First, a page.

The Tomlinson report has been a long time coming. Not that Mike Tomlinson's committee has been laggardly in its work, but it is now 14 years since the Institute for Public Policy Research published A British Baccalaureate, edited by a certain David Miliband. A widespread consensus has developed in the intervening years behind an integrated, single framework for 14-19 qualifications that offers greater flexibility, better opportunities for progression and the prospect of higher levels of achievement for the whole age group.
Tomlinson's report finally delivers on that consensus: a diploma system from Entry to Advanced Levels with a core of learning for all young people and specialised pathways and options. Strictly speaking, it is not a Bac system, but if implemented it will bring England much closer to the international mainstream of upper secondary and tertiary education. The narrowness of study in both academic and vocational routes in England is unusual, and we suffer from comparatively low staying-on rates. Although by no means a racing certainty, there is a good chance that Tomlinson's report could help to overcome both these problems.
The conservative defenders of the A-level "gold standard" have traditionally argued that academic qualifications are there to serve the highest achievers on route to university, but not the rest of the cohort. Tomlinson cuts through that argument by offering a diploma framework that is inclusive but also stretching at all levels.
History shows that qualification reform can be a powerful driver of improved educational achievement. The most successful such reform of the last 20 years was the creation of the GCSE in the 1980s, under a Conservative government. It had a profound impact. Staying-on rates in post-16 education rocketed.
But in about 1994 staying-on rates stopped rising, and they have plateaued ever since. Researchers don't really know why, but many argue that curriculum and qualifications reform could be the key that unlocks the door.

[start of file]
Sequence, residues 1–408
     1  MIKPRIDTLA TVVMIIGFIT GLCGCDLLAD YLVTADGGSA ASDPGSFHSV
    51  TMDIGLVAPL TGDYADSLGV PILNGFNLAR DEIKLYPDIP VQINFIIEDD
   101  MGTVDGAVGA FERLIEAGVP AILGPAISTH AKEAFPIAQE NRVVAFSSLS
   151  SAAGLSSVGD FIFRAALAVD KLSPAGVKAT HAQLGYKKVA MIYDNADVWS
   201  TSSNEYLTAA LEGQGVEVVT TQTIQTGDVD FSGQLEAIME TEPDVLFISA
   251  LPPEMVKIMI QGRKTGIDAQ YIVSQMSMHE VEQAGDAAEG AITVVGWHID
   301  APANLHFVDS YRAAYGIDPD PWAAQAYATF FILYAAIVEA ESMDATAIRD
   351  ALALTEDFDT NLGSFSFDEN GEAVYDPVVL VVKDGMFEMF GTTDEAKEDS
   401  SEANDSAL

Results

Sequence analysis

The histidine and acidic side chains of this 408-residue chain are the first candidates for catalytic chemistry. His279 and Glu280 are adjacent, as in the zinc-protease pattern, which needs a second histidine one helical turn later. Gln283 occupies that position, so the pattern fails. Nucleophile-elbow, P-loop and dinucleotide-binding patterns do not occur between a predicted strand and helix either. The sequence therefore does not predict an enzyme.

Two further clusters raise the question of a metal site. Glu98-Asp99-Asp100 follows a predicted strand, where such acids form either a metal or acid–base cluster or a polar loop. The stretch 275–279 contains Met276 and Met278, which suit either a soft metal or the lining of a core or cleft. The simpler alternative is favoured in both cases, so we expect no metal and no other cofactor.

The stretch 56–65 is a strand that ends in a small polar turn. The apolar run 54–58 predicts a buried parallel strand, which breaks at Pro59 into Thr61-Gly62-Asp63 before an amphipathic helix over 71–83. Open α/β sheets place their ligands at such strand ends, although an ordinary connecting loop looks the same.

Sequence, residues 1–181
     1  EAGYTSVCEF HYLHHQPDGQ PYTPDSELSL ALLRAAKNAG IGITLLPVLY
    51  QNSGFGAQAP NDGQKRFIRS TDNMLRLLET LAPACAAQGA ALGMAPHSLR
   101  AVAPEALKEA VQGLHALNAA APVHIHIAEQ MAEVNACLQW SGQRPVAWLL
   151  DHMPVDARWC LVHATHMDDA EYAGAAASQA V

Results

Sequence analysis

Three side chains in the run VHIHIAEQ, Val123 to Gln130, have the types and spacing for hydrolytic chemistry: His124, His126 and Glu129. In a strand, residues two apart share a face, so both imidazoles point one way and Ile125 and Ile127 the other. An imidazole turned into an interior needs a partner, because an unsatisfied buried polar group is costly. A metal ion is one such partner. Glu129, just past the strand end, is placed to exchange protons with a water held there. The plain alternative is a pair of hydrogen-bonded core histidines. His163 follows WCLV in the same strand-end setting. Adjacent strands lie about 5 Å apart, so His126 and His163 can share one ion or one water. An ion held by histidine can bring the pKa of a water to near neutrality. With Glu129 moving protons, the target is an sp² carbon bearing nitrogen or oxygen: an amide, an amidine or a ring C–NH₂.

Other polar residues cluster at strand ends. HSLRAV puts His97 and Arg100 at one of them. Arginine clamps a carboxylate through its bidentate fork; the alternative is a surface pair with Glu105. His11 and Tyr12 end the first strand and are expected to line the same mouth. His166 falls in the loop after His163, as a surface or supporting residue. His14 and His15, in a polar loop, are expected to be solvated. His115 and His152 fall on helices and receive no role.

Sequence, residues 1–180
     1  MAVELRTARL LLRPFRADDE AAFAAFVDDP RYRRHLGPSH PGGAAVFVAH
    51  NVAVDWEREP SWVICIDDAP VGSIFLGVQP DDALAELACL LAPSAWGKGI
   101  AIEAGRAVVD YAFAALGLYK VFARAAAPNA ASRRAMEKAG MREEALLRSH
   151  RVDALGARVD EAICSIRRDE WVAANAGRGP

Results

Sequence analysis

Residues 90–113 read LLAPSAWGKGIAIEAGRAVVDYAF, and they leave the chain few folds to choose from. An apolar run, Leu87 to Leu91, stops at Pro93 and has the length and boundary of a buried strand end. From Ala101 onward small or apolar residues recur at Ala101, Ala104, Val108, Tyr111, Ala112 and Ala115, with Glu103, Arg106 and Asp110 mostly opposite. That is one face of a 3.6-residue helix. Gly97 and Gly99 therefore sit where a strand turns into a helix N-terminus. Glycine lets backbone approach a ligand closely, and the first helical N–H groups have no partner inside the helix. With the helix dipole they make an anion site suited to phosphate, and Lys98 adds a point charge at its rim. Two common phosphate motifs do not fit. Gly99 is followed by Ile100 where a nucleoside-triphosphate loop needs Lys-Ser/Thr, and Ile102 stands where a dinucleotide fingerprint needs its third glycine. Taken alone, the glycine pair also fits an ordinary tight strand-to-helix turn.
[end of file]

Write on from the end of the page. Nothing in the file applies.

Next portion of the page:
Previous efforts to broaden the curriculum for 16-19 year olds have come unstuck on the attempt to squeeze more learning out of the existing GCSE and A-level system. Curriculum 2000 offered important reform, but by fitting AS levels into an existing framework of exam for 16 and 18 year olds, the assessment burden increased substantially.
A key test for the implementation of Tomlinson will be whether these lessons are fully learned. The reform agenda is a long-term one and should be taken at a steady pace. It will also be crucial to draw on the professional subject knowledge of teachers; too often this gets distorted or lost as it is passed up to Ministers via quangos and their curriculum experts. Likewise, students have an important place in the reform process. Whole swathes of A-level students could have told the experts from a very early stage of Curriculum 2000 that their Key Skills studies were a joke.
There are other big issues. The report is light on analysis of the pathways through 14-19 learning taken by different groups in the cohort. There is little by way of reference to the labour-market activities and destinations of young people, despite the fact that in the Youth Cohort Study we have a very rich data source for this knowledge.
The reforms also pose challenges to the structure and accountability of education provision. If achievement of different levels of the diploma is progressively decoupled from age, what then is to become of league tables for the school performance of 16 year olds? Likewise, will the reforms be supported by any structural changes? Many in the Government would run a hundred miles from institutional upheaval, but others will argue the advanced diploma should be implemented through an expansion of sixth-form colleges.
These questions notwithstanding, the Tomlinson recipe is better than anything else on offer. Only a small proportion of the age group could study for the International Bac, since it is a highly demanding qualification and would not offer structured links for progression to other levels of education. And it is doubtful whether the quagmire of our current vocational qualifications can really be put behind us without rationalisation into a diploma framework of the kind that Tomlinson proposes.
Ultimately, the test will be political. Have we now reached a stage at which we can lay to rest the argument that only A-levels guarantee high standards? That we can have a system that is both excellent and inclusive? Tomlinson says we can, and it is high time we agreed.
The author is a director of the Institute of Public Policy Research and a former adviser to David BlunkettReuse content